While he played for the Chiefs and the Falcons, Gonzalez always made an effort to deliver the Shadow Buddies in-person to patients in the major Kansas City and Atlanta hospitals. There was a good chance that every Sunday, Gonzalez would make a highlight reel catch that would ignite the energy of the fanbases he played for. But making a patient’s day with a Shadow Buddy, proved the humble, altruistic nature of Tony Gonzalez. Who inspired the belief in these kids to dream the impossible, reach those goals and never give up.
The Special Bond Between Tony and Miles
Not only is Marty grateful for the work Tony Gonzalez has done with the Shadow Buddies program. But it has provided her son, Miles, an opportunity to feel comfortable with his skin, by developing a close bond with a football star.
“Tony is the brother that Miles has never had,” says Marty. “When Miles had open-heart surgery in Chicago, Tony would come off the practice field to call him and make sure he is okay. I love the fact that Tony has been so involved with our family.”
On Tuesdays, Gonzalez would often invite Miles down to the Kansas City plaza, to join his fellow Chiefs players for dinner. According to Marty, it allowed the two to get to know each other and a chance for Miles to open up to Tony about the obstacles he was going through. It was always Gonzalez who gave Miles the confidence to do things that he once feared.
During the Pro Bowl, while Marty and Miles were on the beach, Gonzalez and his friends were swimming in the ocean. Something that Miles had never done before.
“Miles was hesitant to take his shirt off and go swimming,” recalls Marty. “But Tony reassured him, saying, “Nobody cares, we are your family. We accept you for who you are.” It was the first time Miles could be himself.”
Another instance came when the Chiefs tight end invited Miles to deliver the Shadow Buddies. Miles was always anxious of the ICU, particularly since he spent so much of his early life undergoing procedures. But with the help of Tony, the now 32-year-old Miles was able to conquer his fear, helping the tight end fulfill his charitable duties. Says Marty, “Tony was able to show him that the ICU is not what you think it is.”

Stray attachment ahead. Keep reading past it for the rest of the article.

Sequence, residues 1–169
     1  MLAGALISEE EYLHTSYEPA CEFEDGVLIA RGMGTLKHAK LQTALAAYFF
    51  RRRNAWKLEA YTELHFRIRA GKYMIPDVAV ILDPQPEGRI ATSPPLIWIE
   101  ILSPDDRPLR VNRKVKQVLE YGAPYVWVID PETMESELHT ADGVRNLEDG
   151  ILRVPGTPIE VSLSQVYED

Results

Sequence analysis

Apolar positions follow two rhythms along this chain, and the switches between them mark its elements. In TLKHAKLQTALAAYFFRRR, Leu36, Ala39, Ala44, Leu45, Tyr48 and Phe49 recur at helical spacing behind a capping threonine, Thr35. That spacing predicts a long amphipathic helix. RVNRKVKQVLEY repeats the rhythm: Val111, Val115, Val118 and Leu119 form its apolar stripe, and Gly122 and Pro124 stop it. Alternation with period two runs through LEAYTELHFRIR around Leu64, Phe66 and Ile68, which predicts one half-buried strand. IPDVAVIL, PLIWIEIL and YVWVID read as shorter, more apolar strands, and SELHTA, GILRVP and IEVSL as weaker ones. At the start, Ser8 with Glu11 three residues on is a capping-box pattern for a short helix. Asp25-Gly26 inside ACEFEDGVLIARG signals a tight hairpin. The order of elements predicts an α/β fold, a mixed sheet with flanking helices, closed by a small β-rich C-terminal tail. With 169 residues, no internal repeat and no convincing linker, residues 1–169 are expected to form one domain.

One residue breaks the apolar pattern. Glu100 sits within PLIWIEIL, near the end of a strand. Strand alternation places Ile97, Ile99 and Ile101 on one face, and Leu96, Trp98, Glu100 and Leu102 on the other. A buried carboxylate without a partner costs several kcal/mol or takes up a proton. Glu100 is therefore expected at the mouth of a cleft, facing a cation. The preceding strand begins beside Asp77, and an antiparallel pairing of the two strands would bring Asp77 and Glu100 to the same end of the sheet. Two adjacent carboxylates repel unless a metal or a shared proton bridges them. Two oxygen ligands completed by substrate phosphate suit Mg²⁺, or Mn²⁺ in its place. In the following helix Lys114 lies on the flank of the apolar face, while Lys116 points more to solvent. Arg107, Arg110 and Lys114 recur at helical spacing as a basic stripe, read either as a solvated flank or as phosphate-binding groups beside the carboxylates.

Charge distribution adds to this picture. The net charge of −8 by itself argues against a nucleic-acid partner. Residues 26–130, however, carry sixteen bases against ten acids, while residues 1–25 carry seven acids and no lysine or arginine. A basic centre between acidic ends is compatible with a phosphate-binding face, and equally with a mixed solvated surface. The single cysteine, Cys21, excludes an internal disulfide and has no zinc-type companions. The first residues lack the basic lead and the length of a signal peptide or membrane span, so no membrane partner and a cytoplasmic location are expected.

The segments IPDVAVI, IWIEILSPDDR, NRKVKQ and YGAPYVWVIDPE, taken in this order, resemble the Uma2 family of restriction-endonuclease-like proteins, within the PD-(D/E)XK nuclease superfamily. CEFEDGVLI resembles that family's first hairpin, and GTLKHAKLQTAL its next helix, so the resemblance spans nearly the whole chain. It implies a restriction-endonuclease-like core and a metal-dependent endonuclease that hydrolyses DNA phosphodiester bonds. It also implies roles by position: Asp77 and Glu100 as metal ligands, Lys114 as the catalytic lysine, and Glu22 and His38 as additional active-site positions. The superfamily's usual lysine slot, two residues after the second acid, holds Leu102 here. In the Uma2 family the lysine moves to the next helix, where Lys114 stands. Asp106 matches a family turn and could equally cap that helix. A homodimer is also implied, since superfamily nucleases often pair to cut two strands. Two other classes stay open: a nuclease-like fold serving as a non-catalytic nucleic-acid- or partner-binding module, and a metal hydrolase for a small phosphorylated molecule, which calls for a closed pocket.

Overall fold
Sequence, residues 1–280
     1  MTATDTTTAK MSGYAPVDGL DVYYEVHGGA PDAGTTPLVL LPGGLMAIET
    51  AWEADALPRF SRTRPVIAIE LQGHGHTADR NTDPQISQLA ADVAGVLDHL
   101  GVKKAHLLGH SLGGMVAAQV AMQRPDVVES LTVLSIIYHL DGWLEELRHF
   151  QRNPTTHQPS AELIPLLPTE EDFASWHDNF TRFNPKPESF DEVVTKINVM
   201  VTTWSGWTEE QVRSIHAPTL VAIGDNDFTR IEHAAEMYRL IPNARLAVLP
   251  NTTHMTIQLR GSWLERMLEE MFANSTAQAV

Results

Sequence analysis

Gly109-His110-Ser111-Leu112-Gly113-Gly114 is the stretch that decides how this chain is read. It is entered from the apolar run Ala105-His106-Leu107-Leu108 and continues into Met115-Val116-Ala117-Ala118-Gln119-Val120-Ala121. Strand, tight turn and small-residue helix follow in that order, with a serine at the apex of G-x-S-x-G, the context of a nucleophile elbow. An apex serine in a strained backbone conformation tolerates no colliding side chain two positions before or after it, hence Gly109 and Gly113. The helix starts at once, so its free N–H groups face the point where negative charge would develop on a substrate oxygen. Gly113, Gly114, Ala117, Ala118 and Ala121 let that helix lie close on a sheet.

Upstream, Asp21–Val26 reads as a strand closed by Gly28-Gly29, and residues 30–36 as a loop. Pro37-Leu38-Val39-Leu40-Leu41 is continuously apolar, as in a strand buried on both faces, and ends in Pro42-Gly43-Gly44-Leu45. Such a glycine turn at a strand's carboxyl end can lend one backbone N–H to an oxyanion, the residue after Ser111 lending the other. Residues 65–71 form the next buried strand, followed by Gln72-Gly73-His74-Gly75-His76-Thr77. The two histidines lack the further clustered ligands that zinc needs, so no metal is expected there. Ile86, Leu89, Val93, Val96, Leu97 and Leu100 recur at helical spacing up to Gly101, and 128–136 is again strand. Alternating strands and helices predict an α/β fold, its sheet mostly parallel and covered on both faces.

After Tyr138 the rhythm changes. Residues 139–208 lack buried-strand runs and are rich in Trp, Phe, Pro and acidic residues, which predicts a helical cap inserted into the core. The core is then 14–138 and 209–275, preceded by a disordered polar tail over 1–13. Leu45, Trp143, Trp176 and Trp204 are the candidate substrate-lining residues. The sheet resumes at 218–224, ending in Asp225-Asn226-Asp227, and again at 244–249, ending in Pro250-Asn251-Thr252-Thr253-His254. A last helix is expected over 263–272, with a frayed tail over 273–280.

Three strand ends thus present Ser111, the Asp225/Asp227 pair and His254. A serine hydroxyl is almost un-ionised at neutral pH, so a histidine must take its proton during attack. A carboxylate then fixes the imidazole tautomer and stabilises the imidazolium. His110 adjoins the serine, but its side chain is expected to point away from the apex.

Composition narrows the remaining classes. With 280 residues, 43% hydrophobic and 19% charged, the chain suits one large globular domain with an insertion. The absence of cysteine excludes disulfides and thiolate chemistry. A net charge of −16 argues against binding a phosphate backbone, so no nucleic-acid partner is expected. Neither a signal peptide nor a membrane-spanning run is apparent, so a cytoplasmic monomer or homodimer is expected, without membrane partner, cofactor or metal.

Tony Gonzalez’ Legacy Transcends Bust in Canton
On Saturday, the football world will honour and enshrine the 2019 Pro Football Hall of Fame Class into Canton, Ohio. A part of the Tony Gonzalez contingent attending is his Grandmother, who recently turned 101. It will certainly be an emotional moment, particularly for someone as humble and appreciative as Gonzalez.
The energy that Gonzalez brought every week to the Chiefs and the Falcons will never be forgotten. His ability to be the pivotal leader on the field redefined the tight end position.
“Tight end never used to be a glamour position until Tony came along,” said former Chiefs running back Priest Holmes. Now you’ve got kids growing up asking to play tight end because it’s all about getting the pigskin.”
But for Marty, Miles and countless others, it was Gonzalez’s innate skill to bring happiness to people that will live on far beyond his bust being enshrined in Canton. Even in his retirement from football, Gonzalez always finds an opportunity to make a difference.
Through Shadow Buddies, Marty witnessed first hand the extraordinary contributions Gonzalez made for Kansas City and the community. Miles may still have challenges but his confidence has blossomed as a result of his friendship with Tony.
Gonzalez was given the gift to play the game of football at a high level. And he inspired a plethora of individuals who may not have had a chance to believe they have a place in this world.
Main photo:Embed from Getty Images